Don't use lube in a spray can, no matter how steady your trigger finger, you'll just make a mess, or worse get it on your disc/rim and make your brakes useless in effect. If you already bought some, find an empty eye dropper bottle and spray some of the lube into the spray cap and pull it into the eye dropper by squeezing it like a pipette with the nozzle submerged in the lube and releasing your hold on the dropper. Fill it up like that every once in a while for a mess free lube dropper.

When patching a flat, use the little cheese grater that comes with the set to make the surface of the patch and inner tube more rough, don't over do it, you don't want to rip your tube to shreds. You can use a patch of sand paper if you don't have the grater. Do this because the patches supplied have a really smooth and grippy surface that doesn't bond with the glue, they'll just peel away. Use some alcohol, or even better, some lighter fluid to wipe the surface you're gluing to remove any oil or grease. Lighter fluid is better because it is the same solvent which is used as a base for rubber cement as well as the patch (if you don't believe me, rub some into a patch and it will get sticky) which makes the bond better.

If you're out of patches, cut some out from an old inner tube. Just make sure you wash it in water or with a solvent because it has a talk like powder on the inside which resists sticking.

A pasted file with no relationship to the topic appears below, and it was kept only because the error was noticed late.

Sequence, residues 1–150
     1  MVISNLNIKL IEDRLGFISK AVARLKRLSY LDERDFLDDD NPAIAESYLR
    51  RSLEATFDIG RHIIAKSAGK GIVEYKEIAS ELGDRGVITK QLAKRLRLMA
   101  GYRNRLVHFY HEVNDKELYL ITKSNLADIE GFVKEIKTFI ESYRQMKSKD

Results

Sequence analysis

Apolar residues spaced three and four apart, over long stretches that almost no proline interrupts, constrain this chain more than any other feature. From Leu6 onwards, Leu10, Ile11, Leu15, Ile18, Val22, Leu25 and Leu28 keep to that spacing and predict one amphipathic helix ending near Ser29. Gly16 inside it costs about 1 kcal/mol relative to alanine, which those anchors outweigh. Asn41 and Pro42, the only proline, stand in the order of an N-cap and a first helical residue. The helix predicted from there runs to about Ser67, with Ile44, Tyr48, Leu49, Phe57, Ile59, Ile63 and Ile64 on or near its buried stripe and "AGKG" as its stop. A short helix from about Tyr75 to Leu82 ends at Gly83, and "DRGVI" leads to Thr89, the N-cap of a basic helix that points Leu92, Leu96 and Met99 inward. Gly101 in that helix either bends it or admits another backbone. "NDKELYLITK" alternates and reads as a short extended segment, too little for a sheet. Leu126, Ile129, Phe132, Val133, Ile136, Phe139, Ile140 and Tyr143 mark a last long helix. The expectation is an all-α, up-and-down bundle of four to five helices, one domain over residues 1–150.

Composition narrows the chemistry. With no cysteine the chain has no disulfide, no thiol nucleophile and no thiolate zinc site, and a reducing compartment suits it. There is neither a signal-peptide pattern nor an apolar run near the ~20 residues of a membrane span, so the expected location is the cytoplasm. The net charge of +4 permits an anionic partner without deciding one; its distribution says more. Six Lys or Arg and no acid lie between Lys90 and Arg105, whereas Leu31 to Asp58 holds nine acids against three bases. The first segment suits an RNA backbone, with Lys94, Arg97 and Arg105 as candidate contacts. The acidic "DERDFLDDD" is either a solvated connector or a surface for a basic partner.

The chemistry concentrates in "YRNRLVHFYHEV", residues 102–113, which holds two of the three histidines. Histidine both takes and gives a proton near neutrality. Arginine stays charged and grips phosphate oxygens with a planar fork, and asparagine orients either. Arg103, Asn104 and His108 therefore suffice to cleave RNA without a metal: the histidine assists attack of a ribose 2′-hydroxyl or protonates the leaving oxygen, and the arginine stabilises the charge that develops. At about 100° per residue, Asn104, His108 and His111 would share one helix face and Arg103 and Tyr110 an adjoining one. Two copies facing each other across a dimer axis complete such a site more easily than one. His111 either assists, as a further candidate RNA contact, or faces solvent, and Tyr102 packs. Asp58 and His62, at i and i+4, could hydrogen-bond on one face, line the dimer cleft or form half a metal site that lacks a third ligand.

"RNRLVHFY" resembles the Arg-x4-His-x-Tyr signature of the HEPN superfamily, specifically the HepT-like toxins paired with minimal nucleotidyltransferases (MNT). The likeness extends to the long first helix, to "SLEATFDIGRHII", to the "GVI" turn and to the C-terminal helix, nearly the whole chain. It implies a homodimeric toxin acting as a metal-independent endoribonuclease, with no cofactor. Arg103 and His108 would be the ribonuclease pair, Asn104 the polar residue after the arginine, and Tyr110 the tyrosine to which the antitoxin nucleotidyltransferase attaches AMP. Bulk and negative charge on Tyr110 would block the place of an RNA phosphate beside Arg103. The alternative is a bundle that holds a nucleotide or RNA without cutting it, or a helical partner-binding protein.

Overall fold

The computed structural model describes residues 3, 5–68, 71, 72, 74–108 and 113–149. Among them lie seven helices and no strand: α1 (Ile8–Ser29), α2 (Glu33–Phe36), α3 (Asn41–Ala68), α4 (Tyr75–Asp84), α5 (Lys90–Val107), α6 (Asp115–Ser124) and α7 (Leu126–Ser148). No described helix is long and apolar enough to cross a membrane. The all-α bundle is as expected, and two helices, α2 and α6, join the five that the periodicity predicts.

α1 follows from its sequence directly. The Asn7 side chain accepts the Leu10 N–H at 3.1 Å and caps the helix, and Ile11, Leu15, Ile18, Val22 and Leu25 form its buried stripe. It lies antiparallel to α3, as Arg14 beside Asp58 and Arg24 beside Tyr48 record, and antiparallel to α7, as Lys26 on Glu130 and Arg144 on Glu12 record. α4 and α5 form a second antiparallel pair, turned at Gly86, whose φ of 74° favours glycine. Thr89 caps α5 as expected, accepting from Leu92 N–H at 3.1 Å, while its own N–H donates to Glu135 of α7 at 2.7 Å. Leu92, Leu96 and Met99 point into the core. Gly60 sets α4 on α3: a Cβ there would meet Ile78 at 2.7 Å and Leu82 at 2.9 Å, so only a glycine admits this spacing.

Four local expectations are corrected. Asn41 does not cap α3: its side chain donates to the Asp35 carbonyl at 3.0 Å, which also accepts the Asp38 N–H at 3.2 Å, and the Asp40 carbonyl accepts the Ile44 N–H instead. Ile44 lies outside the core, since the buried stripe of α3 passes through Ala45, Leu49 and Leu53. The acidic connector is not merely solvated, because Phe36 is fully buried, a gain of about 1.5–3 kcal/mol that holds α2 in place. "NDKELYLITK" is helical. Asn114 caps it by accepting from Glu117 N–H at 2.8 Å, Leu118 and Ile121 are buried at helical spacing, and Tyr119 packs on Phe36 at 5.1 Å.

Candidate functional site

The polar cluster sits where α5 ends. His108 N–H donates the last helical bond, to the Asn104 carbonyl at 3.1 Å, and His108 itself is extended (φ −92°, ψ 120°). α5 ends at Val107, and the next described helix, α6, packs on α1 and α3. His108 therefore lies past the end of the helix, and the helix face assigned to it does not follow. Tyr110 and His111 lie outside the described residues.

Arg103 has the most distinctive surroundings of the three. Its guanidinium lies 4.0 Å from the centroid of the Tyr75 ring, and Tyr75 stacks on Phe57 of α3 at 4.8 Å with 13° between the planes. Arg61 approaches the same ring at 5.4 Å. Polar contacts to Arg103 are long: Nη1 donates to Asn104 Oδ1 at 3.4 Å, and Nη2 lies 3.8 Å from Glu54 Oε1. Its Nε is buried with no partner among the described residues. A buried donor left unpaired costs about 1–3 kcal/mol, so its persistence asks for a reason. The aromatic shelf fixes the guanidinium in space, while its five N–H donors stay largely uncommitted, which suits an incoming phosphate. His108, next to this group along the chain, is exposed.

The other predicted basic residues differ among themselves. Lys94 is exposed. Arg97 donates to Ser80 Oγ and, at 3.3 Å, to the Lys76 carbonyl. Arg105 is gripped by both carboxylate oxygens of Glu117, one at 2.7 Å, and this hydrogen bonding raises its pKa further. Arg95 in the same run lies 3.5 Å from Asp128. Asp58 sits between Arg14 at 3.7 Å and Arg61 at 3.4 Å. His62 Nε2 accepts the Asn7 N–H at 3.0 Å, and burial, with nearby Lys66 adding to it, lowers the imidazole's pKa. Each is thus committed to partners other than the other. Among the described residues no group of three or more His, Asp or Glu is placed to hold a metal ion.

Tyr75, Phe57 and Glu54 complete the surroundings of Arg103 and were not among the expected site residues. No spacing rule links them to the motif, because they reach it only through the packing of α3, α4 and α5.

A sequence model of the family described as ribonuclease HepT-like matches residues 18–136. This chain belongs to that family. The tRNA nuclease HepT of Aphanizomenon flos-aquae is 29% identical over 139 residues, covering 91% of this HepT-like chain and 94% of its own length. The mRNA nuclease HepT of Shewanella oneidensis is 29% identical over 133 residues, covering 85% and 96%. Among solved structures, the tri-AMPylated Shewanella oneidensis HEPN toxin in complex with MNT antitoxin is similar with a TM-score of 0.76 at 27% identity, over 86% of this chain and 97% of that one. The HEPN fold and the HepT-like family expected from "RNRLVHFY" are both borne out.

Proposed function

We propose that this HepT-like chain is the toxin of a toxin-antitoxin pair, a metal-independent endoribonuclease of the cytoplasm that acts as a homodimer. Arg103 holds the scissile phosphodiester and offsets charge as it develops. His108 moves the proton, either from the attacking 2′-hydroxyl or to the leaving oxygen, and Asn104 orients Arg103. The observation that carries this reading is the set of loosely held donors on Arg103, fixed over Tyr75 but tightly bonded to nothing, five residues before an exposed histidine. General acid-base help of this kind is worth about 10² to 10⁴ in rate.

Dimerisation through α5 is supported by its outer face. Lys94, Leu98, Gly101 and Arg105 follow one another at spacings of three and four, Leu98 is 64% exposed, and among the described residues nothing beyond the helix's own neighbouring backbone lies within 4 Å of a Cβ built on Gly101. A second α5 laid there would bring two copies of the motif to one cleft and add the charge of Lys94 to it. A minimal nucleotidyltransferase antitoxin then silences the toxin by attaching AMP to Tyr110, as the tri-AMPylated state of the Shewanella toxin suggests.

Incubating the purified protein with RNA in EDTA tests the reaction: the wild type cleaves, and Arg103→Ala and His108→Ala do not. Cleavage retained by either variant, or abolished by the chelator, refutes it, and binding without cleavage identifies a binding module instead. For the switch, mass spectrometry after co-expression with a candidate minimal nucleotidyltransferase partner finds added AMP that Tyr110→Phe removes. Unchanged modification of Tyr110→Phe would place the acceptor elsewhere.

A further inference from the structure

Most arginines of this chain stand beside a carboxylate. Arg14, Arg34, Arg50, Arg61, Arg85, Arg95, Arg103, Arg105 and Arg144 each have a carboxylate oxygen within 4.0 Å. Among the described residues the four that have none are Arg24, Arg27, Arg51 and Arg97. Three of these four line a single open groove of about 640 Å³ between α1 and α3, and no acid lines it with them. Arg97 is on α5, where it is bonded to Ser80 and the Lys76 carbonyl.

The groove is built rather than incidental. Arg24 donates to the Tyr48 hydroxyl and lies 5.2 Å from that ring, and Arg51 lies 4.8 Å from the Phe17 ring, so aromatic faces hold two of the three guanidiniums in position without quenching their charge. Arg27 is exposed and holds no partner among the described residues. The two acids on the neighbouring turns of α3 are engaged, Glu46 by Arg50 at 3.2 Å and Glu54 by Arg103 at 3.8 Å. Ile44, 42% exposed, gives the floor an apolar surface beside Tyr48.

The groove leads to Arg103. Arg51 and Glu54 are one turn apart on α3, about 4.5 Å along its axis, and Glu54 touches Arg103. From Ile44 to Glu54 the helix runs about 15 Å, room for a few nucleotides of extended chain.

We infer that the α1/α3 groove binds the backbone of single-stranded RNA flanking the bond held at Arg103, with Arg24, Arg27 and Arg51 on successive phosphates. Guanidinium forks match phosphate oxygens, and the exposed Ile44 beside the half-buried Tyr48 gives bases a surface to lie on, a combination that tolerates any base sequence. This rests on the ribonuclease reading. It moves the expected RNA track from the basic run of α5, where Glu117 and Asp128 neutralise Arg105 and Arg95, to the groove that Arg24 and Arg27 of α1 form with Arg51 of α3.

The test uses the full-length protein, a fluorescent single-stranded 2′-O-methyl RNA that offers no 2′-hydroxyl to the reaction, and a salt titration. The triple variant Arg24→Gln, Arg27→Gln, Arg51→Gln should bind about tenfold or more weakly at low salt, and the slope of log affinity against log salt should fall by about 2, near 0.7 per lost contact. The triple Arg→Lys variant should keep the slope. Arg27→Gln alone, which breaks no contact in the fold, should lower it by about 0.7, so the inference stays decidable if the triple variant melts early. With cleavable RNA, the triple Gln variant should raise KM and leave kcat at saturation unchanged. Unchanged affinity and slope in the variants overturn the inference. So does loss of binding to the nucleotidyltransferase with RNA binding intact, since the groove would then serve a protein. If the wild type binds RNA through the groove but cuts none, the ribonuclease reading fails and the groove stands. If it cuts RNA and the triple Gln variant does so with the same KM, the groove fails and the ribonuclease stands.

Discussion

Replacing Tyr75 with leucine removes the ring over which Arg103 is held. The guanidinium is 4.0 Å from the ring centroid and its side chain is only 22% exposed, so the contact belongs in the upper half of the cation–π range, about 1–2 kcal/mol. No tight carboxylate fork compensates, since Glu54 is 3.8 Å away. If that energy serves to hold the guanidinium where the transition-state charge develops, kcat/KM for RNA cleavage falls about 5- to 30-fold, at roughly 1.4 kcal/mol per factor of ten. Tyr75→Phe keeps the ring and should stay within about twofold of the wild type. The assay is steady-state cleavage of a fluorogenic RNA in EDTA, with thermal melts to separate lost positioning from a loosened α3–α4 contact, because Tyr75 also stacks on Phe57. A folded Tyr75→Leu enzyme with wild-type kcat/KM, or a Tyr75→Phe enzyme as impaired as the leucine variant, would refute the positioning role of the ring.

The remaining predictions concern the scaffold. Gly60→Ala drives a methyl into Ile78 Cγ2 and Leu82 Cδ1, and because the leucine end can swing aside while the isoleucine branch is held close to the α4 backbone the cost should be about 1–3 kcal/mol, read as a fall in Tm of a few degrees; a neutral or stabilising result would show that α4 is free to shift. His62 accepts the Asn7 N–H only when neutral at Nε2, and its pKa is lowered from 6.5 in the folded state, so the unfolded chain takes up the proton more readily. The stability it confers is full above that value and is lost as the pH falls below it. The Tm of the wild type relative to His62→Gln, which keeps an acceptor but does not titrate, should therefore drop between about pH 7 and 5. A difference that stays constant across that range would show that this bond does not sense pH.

DON'T use superglue to bond a patch, not even as a quick fix. Superglue dries into a hard, but brittle bond that will just crack when the inner tube expands and when the patch experiences crushing pressure under your weight. You're just gonna have to do it again, and you'll have a mess of it too, superglue is a pain to remove. Best so carry a spare inner tube, or two just in case an @$$hole pops both your tyres.

If you don't have tyre levers, use a pair of spanners, but do it carefully so you don't pinch the tube. In general, plastic levers are better than metal levers or spanners because they don't scratch the rim, use them with care and they won't snap either.

Put oil on your chain, grease on your bearings, anti-seize on any threads you don't open often and loctite on thread you revisit regularly (so you don't make a mess of your hands during handling) i.e. wheel axles, chain tensioner nuts, seat post screws, brake cable fastener bolts, stem bolts, etc...

Clean your tools after every job with white spirit and a cloth, keep them organised in a toolbox.